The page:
How To Build a Vanguard Three Fund Portfolio Paying Dividends

Here is my best Vanguard three-fund portfolio!

Not long ago, I wrote an article reviewing the Vanguard High Dividend Yield ETF (VYM).  And subsequently, one of my readers posed an interesting question to me on Twitter.

He asked:

“How about building a dividend-paying ETF portfolio?”  And I responded, “It certainly can be done.  You could use VYM and its international counterpart, just to keep it simple”.

After pondering the reader’s question…

I thought it was an excellent investment topic to cover. To add to the Dividends Diversify investment library.

Certainly, it deserved more attention than just a spur-of-the-moment Twitter tweet on my part. So, let’s dive in…

Do it yourself investing in three ETFs that pay dividends

Disclosure: At no cost to you, I may get commissions for purchases made through links in this post.

Dividend Stocks versus Dividend ETF’s

After all, individual dividend stock selection is not for everyone.  To do it right, it takes clearly defined investment objectives, time and research.

If you like those types of activities like me, that’s great.  Then you should check out my model portfolio full of individual dividend stocks.  Each stock in the model portfolio is linked to its most recent dividend stock analysis here at Dividends Diversify.

But since not everyone is like me (thank goodness), let’s dig into how to build a Vanguard three fund portfolio paying dividends.

And the great thing is, you can get started without a lot of money.

Related: Webull stock trading app review – buy & sell stocks for free

What Is The Vanguard Three-fund portfolio?

Bogleheads popularized the Vanguard three-fund portfolio. That’s an interesting investment term. So, let’s discuss it.

What Are Bogleheads?

Bogleheads are devoted followers of John Bogle, the late founder of Vanguard.  They believe in investing at a young age, living below one’s means, regular saving, broad investment diversification, and sticking to one’s investment plan.

Source:  Bogleheads.org

What Three Vanguard Funds?

Then What Three Funds Go Into The Portfolio?  For Bogleheads, the answer to the question “what mutual funds should be used in a three-fund portfolio,” is “low-cost funds that represent entire markets.”

If you ask different people to choose funds for a three-fund portfolio, you will get different fund choices.  But they should have these main characteristics:

  • Low cost
  • Representation of entire markets

From Vanguard’s core funds, Bogleheads believe the best funds for a three-fund portfolio are:

  • Vanguard Total Stock Market Index Fund (VTSAX)
  • Vanguard Total International Stock Index Fund (VTIAX)
  • Vanguard Total Bond Market Fund (VBTLX)

Source:  Bogleheads.org – Three Fund Portfolio

Vanguard Three Fund Portfolio Paying Dividends

To build a three fund ETF portfolio paying dividends, we will have to deviate slightly from the Bogleheads classic definition of a three fund portfolio.

Not All Stocks Pay Dividends

Why?  Because we are limiting our stock selection to only those companies that pay dividends for the portfolio income they provide.   So by definition, the funds I will choose will not represent entire markets.

Many stocks in the stock market do not pay dividends.  For example, a well-known company like Amazon comes to my mind immediately.

Exchange Traded Funds (ETFs)

Furthermore, we will build our portfolio with super low-cost ETFs per my reader’s suggestion.  Rather than traditional open-end mutual funds.  The differences between the two are not significant for our purposes.  And I will leave these differences for a story on another day.

Related: 60+ investment assets that appreciate in value 

So we will bend the rules just a little to build our Vanguard three fund portfolio paying dividends. I hope the Bogleheads will understand.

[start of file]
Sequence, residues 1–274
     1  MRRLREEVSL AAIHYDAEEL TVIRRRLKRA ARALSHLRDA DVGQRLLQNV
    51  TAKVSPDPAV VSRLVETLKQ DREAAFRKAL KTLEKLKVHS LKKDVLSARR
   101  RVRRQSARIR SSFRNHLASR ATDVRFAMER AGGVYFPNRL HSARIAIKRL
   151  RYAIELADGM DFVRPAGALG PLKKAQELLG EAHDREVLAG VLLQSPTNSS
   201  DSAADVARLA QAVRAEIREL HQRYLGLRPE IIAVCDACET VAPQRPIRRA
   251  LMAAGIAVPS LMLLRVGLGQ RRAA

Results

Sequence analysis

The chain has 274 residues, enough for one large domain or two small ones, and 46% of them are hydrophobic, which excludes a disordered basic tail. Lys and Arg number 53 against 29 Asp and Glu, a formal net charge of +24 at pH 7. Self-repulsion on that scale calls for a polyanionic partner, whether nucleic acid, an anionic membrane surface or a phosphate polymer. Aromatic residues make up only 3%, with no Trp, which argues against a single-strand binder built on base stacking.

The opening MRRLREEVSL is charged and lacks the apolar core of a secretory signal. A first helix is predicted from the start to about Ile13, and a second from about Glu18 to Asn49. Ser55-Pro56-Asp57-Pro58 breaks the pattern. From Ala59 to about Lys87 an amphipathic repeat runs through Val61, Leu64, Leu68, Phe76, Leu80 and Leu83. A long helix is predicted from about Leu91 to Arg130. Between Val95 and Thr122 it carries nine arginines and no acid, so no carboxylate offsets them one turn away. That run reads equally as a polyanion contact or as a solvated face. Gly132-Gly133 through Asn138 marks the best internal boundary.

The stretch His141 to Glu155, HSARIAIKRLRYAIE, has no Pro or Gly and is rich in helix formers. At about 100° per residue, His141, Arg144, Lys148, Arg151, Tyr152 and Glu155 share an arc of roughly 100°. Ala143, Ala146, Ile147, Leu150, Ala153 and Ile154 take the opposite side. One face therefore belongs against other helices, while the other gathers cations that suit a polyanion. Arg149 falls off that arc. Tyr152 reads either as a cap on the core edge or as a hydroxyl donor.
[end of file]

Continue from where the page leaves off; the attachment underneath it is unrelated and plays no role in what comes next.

Let’s get started by identifying the funds.  All information for the funds is sourced from Vanguard’s website.

First Fund – US Stocks (VYM)

The first fund selection should come as no surprise.  It is the Vanguard High Dividend Yield ETF (VYM).

VYM tracks the FTSE high dividend yield index.  The index is comprised primarily of US-based stocks that are characterized by higher than average dividend yields.

Trailing dividend yield – 3.0%

Expense ratio – .06%

Related:  Vanguard High Dividend Yield ETF review.

Second Fund – International Stocks (VYMI)

For our second fund, we will go with VYM’s “close cousin”.  It is the Vanguard International High Dividend Yield ETF (VYMI).

VYMI seeks to track the performance of the FTSE All-World (excluding the US) High Dividend Yield Index.

The fund provides a convenient way to get exposure to international stocks that are forecasted to have above average dividend yields.

Trailing dividend yield – 4.2%

Expense ratio – .32%

As is typical with many international stocks versus US stocks, the dividend yield of VYMI is higher than VYM’s.  But the fund also carries a slightly higher expense ratio.

Related: Vanguard International High Dividend ETF review

Third Fund – US Bonds (BND)

For our third fund, we will stay close to the standard Boglehead fund recommendation.  That is the Vanguard Total Bond Market ETF (BND).  According to Vanguard, the fund:

  • Provides broad exposure to US investment grade bonds
  • Offers relatively high potential for investment income
  • Tends to rise and fall modestly in value
  • Is appropriate for a reliable income stream
  • And is appropriate for diversifying the risks of an all-stock portfolio

Trailing income yield – 2.7%

Expense ratio – .035%

This is not a dividend stock fund.  Bonds and loans pay interest, not dividends.  If you want a pure dividend stock ETF portfolio, drop this one and invest only in the first two.  But for today’s purposes, we will stick with the Vanguard three fund portfolio concept.

Related: Vanguard Total Bond Market Index Fund ETF review

Three Fund Portfolio Asset Allocation

Now that we have our funds selected we need to decide how much money to put in each one.  One investment strategy says choose your allocation of money to the three funds is by age.

The rule of thumb is to take your age and invest that percentage in bonds.  Then take the rest and invest it in stocks.  Split the stock percentage by 75% US and 25% International.  This is a target asset allocation for example purposes.  Yours may be different.